Being aware of change without having to stop and interpret it, mindfulness means detachment. I call it surfing on change. As the waves you surf upon, as the waves that come and go and vary in size and intensity, change is fluid and always present.

But you do not have to immerse yourself in change. Furthermore, if the surfer focuses on finding the perfect wave and that perfect feel, she will probably never find it. And if she does, every wave that follows that perfect wave may become a disappointment.

Observing and registering change, a mindful person does not coat change with expectations. And she isn't fooled by labels, face values, and concepts.

Concepts and labels can be helpful because we talk to each other and to ourselves (thoughts). We have words for almost everything and we have even conceptualized emotions into anger, fear, joy, bliss, and so on.

But there is nothing static about emotions. They're dynamic, fluid, always changing. For example, if a person feels some natural, negative emotions and immediately jumps to the conclusion, "I'm depressed!" Then he runs the risk of freeze-framing his dynamic emotions into a static concept of depression when he is not really depressed at all.

Believing in the concept, he might actually become depressed.

The main thing here is to not accept labels and face values. Someone who looks good, speaks well, and wears a nice suit might be a scam artist. A priest might be a thief. A seemingly sympathetic, soft-spoken politician may be a warmonger. But if he belongs to your community, church, or political party, will you be able to see it?

These are just examples, and most people are nice people. They really are. However, we are susceptible to good first impressions and we easily associate one thing with another. An actor wearing a lab coat becomes a scientist or a doctor. Spoken words turn into presumed actions. In many cases you don't have time to do a background check on everything you buy and everyone you deal with. That's fine. When you are mindful, your feelings save you time and do the checking for you. You develop a reliable gut instinct.


If you are voting for a politician who might become your next president, look at what he has done in his career. Do not take his words at face value. Do not accept his label as yours. The person's history of actions is the key. Compared to action - evidence of a person actually doing and believing in what he says - words mean little or nothing.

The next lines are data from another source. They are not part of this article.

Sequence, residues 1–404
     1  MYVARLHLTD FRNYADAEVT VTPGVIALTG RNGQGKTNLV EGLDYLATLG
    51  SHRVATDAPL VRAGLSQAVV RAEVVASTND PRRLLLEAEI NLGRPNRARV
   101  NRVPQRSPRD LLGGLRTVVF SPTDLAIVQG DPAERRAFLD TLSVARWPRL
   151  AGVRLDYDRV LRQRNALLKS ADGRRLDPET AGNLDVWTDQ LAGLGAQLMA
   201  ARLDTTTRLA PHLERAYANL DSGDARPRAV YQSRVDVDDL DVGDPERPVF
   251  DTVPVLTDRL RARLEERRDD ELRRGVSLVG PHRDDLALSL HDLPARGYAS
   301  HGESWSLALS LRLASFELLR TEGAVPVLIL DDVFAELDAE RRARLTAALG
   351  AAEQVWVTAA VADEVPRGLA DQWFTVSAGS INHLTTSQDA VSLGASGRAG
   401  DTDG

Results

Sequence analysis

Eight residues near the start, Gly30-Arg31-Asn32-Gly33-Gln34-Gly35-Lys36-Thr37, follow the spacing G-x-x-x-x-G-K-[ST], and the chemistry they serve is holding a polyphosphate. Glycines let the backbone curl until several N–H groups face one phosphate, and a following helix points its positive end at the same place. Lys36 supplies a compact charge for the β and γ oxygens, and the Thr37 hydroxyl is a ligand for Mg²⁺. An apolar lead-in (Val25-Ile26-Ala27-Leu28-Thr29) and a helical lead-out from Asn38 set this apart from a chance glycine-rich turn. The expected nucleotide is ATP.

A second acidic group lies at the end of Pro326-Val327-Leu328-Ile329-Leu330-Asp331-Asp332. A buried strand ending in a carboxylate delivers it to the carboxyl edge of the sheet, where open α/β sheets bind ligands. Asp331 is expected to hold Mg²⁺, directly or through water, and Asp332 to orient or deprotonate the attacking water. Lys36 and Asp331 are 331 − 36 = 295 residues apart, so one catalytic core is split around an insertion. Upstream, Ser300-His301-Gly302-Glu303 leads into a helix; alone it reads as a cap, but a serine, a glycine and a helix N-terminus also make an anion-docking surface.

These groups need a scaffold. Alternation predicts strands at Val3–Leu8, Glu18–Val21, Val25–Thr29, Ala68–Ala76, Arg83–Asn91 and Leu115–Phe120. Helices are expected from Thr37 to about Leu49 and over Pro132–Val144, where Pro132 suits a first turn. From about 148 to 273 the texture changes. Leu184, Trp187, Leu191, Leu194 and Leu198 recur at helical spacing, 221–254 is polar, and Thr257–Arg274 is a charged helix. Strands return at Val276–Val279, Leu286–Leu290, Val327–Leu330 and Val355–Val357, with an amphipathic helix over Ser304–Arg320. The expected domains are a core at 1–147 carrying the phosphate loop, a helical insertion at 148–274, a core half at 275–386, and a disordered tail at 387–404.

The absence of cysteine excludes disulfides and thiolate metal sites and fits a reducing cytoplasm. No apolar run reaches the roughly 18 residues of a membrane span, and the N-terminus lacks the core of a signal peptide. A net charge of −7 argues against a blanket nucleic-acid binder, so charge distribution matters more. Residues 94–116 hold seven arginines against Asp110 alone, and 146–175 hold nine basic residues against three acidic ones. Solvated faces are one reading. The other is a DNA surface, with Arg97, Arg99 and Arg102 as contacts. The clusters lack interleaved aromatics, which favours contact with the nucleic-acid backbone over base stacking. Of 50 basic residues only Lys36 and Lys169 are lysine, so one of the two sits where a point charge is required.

Mindfulness helps prevent errors of judgment. It is the smart way. So you see how concepts, labels, and face values can be bad things?

Change/life is dynamic, fluid, and holds no barriers, while concepts and labels are static, pre-interpreted, and boxed-in. Going beyond concepts, you become aware of the free float of time, emotions, thoughts, and any other change big enough to draw your attention, thus making its way into your awareness. You'll notice how you can pick up on subtle changes in your awareness before they materialize and become concepts and labels (mis)interpreting and explaining the change. You feel change quickly, surfing on top of it rather than becoming immersed in it.

Concepts are only useful if we can step back once in a while and become aware of the bigger, interconnected, and changing picture, and not gaze for too long at one point, such as our own reflection.

Place Narcissus on a surf board from time to time...

Unless you have meditated before, and even if you have, this explanation may not make sense right away. But if you feel confused yet tolerant and relaxed about your confusion, you're being mindful. Feelings, sights, sounds, thoughts - they change all the time. Becoming aware of them and the fact that they change don't mean that you have to follow them to their origin or destination (do they even have one?).

Detached and non-judgmental of your observations, you allow yourself the freedom to exist. This goes for meditation and daily living. Most importantly, mindfulness goes hand in hand with compassion, which is healthy and befriending, bringing you closer to the greatness within you and the truly great people around you.

Author's Bio: 

Oz Vorland is a physical therapist and experienced meditator. His meditation techniques are mantra and mindfulness-based, and firmly rooted in the science of meditation and happiness. Learn more about the fascinating theory and step-by-step practice by visiting his Website: